Guidelines and Tools for Protecting Your Environment
By Yaron Kassner, CTO and Co Founder, Silverfort
Secura recently published a whitepaper about one of the worst vulnerabilities that I’ve seen in a while. It’s called ZeroLogon, a.k.a. CVE-2020-1472. The DHS also published an emergency directive to patch affected Windows Servers. And they’re not exaggerating – the vulnerability lets an attacker create a domain admin account, just by sending unauthenticated packets to a domain controller. This means that anyone in the network can take over the entire domain.
For those interested in the technical bits and bytes – I highly recommend reading the whitepaper. The described attack is elegant and takes advantage of an inherent vulnerability in the NRPC protocol. It turns out that some people were so interested in this attack, that they developed a full working exploit and published it on GitHub. So, if you haven’t deployed the update yet, stop reading this article and do it now. Come back after you do.
As with most vulnerabilities, Microsoft published an advisory, along with a security update. While some may be tempted to install the update and forget about it, the careful reader will notice this comment: “Microsoft is addressing this vulnerability in a phased rollout.”
Yap – it’s not a good thing. A phased rollout means that during the first phase of the roll out your system is still vulnerable. A phased approach had to be taken in this case because the vulnerability is inherent in the NRPC protocol. The patch prevents the attack by enforcing an additional layer of security on top of the protocol – that is Secure RPC. Unfortunately, it is not enough to update the server side, i.e. the DC – because the clients also need to be updated for the protocol to work. Microsoft took care of Windows devices, but it didn’t provide a solution for legacy operating systems that are no longer supported or third party products. This means that enforcing Secure RPC will break these incompatible systems.
During the first phase, AD enforces secure RPC for Windows devices, which means the worst form of the attack can be prevented. But other clients may still be vulnerable.
We developed a simple tool that iterates over the domain controllers in your domain and checks whether all of them are patched. The tool is based on the original testing tool published by Secura but instead of running on one DC at a time, it will automatically find the DCs and run on all of them. We recommend that you run this tool to make sure none of the DCs in your environment have been missed – one unpatched DC is enough to compromise the entire domain.
Moving to Phase Two
In the second phase, AD enforces secure RPC for all computers, including non-windows devices. The second phase will be done automatically on February 2nd, but you can start it earlier, and we recommend that you do. To do that, you should first make sure that you don’t have any clients in the network that rely on non-secure RPC. Microsoft provides audit logs to discover such clients and Silverfort can help as well: You can leverage Silverfort to prepare a report that lists clients that use non-secure RPC. If you don’t have Silverfort, you can start by auditing Microsoft’s event logs.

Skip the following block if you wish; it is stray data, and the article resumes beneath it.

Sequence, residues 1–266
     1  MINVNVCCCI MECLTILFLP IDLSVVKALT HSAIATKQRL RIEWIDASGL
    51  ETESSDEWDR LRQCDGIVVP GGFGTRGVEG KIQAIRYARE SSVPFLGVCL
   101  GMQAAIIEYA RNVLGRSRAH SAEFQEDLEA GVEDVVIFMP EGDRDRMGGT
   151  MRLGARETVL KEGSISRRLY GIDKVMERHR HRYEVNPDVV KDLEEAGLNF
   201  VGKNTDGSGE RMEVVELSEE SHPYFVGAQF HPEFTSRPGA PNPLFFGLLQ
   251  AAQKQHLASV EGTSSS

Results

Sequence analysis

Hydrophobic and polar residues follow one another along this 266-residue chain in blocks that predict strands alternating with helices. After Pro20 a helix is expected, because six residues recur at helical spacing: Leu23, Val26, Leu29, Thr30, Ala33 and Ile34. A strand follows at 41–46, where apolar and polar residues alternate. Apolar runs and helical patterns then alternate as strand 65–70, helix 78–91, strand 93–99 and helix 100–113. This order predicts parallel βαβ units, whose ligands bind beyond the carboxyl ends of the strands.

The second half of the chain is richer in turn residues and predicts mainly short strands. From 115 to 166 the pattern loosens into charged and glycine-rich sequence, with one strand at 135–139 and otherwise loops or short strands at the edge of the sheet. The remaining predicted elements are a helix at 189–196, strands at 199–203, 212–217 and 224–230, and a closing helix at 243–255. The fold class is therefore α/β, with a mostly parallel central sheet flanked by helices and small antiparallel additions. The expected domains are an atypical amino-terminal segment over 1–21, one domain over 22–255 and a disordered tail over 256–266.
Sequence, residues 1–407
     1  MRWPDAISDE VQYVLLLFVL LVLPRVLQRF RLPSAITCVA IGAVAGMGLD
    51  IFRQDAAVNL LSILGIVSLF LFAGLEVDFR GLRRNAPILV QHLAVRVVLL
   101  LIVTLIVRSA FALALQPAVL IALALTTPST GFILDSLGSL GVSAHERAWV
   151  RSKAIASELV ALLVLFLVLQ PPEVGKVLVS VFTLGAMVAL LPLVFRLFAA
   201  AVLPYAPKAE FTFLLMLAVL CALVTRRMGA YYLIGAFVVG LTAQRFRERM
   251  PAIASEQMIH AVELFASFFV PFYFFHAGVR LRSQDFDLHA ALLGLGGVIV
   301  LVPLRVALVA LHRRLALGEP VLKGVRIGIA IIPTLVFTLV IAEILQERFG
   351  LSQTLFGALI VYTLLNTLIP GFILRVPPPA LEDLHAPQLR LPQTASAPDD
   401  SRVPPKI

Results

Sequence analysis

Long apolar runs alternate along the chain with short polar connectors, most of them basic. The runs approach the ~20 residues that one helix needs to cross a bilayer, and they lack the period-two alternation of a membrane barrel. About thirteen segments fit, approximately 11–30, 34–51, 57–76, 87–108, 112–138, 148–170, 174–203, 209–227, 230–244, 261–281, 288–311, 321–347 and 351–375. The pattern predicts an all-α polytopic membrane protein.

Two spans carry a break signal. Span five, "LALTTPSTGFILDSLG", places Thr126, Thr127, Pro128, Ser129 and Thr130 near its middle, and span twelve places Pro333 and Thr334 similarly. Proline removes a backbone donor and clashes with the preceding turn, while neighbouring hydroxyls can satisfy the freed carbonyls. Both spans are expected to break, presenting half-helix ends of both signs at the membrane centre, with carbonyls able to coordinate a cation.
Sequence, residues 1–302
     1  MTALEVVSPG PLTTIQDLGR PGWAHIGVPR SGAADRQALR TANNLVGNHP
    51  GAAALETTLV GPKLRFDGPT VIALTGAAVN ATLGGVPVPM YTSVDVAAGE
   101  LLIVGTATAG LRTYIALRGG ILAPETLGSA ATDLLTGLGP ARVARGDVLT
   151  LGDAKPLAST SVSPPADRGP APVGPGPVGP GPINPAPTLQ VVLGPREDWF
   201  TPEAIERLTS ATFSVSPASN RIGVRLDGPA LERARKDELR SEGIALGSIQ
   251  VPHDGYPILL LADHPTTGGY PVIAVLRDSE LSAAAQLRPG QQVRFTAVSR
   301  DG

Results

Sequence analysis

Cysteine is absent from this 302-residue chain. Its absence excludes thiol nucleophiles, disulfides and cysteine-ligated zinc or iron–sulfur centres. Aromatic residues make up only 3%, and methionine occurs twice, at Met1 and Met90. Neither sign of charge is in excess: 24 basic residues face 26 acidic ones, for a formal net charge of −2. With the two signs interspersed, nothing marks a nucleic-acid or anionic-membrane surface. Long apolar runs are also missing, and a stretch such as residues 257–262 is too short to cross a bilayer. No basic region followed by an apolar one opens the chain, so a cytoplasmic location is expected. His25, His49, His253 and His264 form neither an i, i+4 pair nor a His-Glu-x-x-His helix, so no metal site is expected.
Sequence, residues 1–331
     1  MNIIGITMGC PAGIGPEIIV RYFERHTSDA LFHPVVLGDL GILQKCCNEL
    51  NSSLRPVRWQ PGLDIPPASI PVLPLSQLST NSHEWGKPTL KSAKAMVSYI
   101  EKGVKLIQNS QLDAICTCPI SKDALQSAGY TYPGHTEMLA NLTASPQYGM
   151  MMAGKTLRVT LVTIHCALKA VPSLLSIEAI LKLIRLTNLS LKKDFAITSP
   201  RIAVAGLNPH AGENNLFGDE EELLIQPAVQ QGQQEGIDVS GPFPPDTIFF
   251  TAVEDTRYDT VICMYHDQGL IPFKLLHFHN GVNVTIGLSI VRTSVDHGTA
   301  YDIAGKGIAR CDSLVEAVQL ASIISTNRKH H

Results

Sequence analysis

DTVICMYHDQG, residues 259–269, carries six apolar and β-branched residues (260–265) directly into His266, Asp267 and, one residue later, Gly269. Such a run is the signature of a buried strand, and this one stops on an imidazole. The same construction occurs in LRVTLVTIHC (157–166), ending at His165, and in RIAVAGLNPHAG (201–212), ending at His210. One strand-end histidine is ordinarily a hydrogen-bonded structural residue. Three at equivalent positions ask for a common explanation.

What to do with non-secure RPC clients?
Here is my recommendation. First of all, put them into “Domain controller: Allow vulnerable Netlogon secure channel connections” group policy. This does not secure these clients , but it will allow you to move the rest of the devices into the enforcement mode now, instead of waiting for February 2021.
After you’ve moved the rest of the devices into enforcement mode, you should take care of the non-secure RPC clients. Do not leave them as is! They are vulnerable!
If these devices are 3rd party devices, you should contact the vendor and ask for a solution to make them work with Secure RPC.
If for some reason you can’t make the client work with Secure RPC, Silverfort can help protect it – see more below.
How Can Silverfort Help until all non-secure RPC clients are covered?
Silverfort monitors and controls Netlogon traffic in the network. This allows Silverfort to detect all computers using non-secure RPC. For these devices, Silverfort can increase the risk, and provide additional layers of security, like stepping up the authentication requirements to or from these devices.
So Summarizing the Recommended Steps:
1. Update your domain controllers
2. Use Silverfort’s open-source tool to see if there are any DCs left unpatched
3. Use Silverfort or Microsoft for auditing for clients using non-secure RPC
4. Put non-Secure RPC clients into the allow-list
5. Move the domain into enforcement mode as soon as possible
6. Start a process to fix non-secure RPC clients or remove them from your network
7. In the meantime, use Silverfort to protect vulnerable clients from exploitation and restrict their usage.
Yaron Kassner, CTO and Co Founder, Silverfort
Silverfort’s CTO and Co-Founder Yaron Kassner is a cybersecurity and big data technology expert. Before co-founding Silverfort, Yaron served as a big data expert consultant for Cisco. He also developed new capabilities involving big data analytics and machine learning algorithms at Microsoft. Prior to that Yaron served at the 8200 elite cyber unit of the Israel Defense Forces, where he led a reputable R&D team, raised to the rank of Captain, and received a prestigious excellence award. Yaron holds a B.Sc. in Mathematics, Summa Cum Laude, an M.Sc. and Ph.D. in Computer Science from the Technion – Israel Institute of Technology.